“The tide definitely won over the wind this weekend,” said sailor Shawn Hansen shortly after the race.
A cool overcast morning made for perfect running weather on Saturday. Almost 300 people gathered at the high school for the Homer Spit Run, a 10-kilometer race to the end of the Spit.
Hosted by the Kachemak Bay Running Club, the annual Spit Run is a course certified by USA Track & Field, the national governing body for long distance running. New this year was a 10-K walk beginning ahead of the run.
Ninilchik scramble puts spotlight
on decline of area’s razor clams
The Ninilchik Chamber of Commerce ran its first Clam Scramble Mud and Natural Obstacle course run Saturday.
The chamber wants to create an annual solstice event in a central location on the Kenai Peninsula for the whole family. Proceeds from the race go to Ninilchik Emergency Services.
Athletes at the seventh annual Kachemak Bay Celtic Club Scottish Highland Games set new field records last Saturday at Karen Hornaday Park. In a first for the games, Matthew Patterson of Fort Wainwright successfully threw the International Brotherhood of Electrical Workers Local 1547 Challenge Caber. On his second try, Patterson flipped the 110-pound, 18-foot, 11-inches log, something that has never been done in the history of the challenge caber.
The Kachemak Bay Running Club is hosting the annual Spit Run that begins at Homer High and finishes at Land’s End. The race is June 27.
Register online at www.kachemakbayrunningclub.org.
Walkers start at 9 a.m.; runners at 10 a.m. Bib pickup and late registration is at 8 a.m. on race day. The Homer Spit Run is a USA Track and Field certified 10 kilometer race
Proceeds support local youth running programs. Fees are $5 for ages 10 and under ($10 race day) and $20 for ages 11 and older ($25 race day).
On behalf of Kachemak Bay Family Planning Clinic and the R.E.C. Room (a Youth Resource & Enrichment Co-op), I want to thank the city of Homer for its grant for general operating support. In addition, I send my thanks to the Homer Foundation for administering this important program.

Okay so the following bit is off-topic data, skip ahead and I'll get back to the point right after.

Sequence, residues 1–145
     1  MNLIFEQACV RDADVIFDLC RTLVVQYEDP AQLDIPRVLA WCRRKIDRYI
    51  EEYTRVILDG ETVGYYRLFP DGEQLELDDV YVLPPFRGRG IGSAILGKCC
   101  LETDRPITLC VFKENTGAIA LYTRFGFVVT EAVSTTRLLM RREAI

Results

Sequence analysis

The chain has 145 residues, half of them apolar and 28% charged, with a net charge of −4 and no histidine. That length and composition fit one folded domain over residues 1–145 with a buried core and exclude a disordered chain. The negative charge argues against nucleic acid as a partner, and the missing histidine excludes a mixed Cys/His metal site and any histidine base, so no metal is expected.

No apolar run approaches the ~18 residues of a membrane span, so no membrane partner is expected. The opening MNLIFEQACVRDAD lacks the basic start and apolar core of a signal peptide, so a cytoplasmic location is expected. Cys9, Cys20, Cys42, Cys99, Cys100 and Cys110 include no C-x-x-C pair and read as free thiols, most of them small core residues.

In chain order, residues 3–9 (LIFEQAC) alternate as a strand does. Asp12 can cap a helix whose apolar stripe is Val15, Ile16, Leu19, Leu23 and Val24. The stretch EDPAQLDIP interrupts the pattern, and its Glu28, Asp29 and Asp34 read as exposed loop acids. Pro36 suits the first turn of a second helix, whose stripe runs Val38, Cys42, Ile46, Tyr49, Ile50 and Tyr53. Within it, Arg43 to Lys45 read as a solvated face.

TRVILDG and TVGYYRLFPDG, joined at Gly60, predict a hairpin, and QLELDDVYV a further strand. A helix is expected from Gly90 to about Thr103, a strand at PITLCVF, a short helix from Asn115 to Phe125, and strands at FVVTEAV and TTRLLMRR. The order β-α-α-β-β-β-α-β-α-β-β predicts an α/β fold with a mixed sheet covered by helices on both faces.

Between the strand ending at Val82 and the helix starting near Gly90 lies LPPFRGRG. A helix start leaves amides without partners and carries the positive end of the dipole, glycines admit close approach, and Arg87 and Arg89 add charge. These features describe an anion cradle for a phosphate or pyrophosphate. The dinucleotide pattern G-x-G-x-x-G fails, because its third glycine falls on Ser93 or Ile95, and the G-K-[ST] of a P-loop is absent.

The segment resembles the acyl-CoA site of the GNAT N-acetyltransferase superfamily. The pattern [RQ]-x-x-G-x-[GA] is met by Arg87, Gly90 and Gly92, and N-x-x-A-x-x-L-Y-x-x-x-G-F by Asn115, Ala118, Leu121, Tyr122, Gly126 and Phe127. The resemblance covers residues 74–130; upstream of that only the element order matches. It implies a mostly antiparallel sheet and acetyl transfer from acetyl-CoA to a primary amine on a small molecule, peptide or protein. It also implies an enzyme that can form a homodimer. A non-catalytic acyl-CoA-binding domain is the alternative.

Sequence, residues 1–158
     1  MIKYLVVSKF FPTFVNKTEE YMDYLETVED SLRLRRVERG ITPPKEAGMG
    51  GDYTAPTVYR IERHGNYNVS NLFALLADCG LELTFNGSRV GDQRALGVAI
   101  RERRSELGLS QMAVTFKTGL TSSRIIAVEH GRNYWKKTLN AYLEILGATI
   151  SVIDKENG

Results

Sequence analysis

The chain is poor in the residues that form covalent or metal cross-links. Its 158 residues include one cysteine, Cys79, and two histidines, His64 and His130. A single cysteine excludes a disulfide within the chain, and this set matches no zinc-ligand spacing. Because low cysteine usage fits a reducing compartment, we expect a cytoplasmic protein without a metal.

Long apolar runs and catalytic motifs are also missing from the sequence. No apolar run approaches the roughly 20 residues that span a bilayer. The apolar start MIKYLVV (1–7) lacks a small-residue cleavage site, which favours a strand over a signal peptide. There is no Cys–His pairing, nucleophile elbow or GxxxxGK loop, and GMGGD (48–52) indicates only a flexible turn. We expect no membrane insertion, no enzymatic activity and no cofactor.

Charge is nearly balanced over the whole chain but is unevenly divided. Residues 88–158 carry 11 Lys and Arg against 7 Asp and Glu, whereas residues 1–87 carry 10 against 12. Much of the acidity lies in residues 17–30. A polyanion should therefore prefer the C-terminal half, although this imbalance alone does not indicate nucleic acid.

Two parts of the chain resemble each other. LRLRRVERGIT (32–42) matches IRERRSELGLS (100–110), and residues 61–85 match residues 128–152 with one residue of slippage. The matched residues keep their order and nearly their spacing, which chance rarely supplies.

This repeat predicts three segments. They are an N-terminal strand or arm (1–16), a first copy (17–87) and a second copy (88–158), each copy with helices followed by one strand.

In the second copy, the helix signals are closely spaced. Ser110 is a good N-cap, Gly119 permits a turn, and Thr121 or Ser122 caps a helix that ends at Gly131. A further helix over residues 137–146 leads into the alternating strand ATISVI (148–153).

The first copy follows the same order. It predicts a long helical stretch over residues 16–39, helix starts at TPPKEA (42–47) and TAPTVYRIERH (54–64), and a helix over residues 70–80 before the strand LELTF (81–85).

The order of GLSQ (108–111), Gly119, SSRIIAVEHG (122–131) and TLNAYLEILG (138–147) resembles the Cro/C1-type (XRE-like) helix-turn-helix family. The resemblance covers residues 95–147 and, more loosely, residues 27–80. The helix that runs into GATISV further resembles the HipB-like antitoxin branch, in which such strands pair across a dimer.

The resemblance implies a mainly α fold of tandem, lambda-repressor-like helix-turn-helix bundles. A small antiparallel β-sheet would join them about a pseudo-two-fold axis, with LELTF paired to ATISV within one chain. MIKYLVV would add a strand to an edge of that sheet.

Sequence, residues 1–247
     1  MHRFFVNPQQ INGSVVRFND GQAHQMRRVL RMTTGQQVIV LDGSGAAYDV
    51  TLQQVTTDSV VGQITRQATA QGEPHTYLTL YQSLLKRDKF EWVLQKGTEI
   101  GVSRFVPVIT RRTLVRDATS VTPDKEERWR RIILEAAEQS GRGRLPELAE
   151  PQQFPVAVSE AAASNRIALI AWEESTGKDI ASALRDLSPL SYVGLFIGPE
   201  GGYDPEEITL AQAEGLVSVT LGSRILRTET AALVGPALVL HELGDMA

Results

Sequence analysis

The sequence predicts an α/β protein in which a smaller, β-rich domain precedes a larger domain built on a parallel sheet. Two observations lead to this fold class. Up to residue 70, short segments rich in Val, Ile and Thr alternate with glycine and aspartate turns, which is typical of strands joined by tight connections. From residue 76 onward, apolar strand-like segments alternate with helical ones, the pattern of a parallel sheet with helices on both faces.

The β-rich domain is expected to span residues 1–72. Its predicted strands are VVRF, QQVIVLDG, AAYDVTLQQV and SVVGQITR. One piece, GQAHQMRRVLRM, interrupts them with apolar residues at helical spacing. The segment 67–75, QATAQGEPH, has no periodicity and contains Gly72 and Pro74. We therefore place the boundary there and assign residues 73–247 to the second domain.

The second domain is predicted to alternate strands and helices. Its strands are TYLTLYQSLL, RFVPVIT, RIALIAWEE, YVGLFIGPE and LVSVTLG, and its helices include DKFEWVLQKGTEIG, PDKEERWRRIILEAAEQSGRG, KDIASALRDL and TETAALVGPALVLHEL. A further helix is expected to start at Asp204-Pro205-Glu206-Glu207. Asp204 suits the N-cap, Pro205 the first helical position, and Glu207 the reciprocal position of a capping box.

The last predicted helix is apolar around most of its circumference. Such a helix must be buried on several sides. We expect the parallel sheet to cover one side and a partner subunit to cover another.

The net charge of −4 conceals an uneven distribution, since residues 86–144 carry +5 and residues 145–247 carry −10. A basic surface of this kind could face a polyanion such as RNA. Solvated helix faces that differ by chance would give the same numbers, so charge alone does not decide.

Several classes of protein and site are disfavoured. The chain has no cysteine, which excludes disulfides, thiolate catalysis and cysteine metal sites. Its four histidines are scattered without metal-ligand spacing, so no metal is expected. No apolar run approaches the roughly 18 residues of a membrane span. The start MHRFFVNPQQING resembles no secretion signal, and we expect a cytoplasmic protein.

The city of Homer grant leverages resources from other funders while helping us keep our doors open to everyone in our community, regardless of ability to pay. It’s especially appreciated now, as we enter the new fiscal year anticipating reductions in state funding.
In honor of the late Tommie CarlinSchauer, his family holds a Tribute to Coach Tommie with soccer games from 1-4:30 p.m. Sunday at the Homer Middle School soccer field. Born April 21, 1957, CarlinSchauer, 57, died Dec. 18, 2014, in Green Bay, Wisc., after a brief battle with cancer.
Anchor Point golfer Wayne Tourangeau accomplished every golfer’s dream on May 26 when he hit a hole-in-one on hole number 5 at Fireweed Meadows Golf Course in Anchor Point. Better yet, he had an appreciative audience: Tourangeau was golfing with the Tuesday Nights Men’s League. Tourangeau made his hole-in-one with a 9-iron club from a distance of 105 yards. “This is not only a proud moment for Wayne, but Fireweed Meadows Golf Course,” said golf course co-owner Susan Kyllonen.
The public is invited to a fun day of golf and lunch in support of Hospice of Homer. The sixth annual Holes “Fore” Hospice golf tournament will be Saturday, June 6, at TIPS Golf Course. It is located at 57172 East End Road.
Early entry fees are $ 55 per person and includes18 holes of golf, lunch and range balls. Early registration can be made at the Hospice of Homer office, 265 E. Pioneer Ave. Suite 3 or at the TIPS Golf Course. Registration on the day of the event at the course is $65 and starts at 8 a.m. The tournament begins at 9 a.m.
Forty-four disc golfers from around the state congregated at Jack Gist Park in Homer May 9 for the second annual Shorebird Showdown disc golf tourna- ment. Golfers competed in five different divisions in- cluding the open professional division where competi- tors play for prize money. The four amateur divisions included were advanced, intermediate, recreational and advanced women.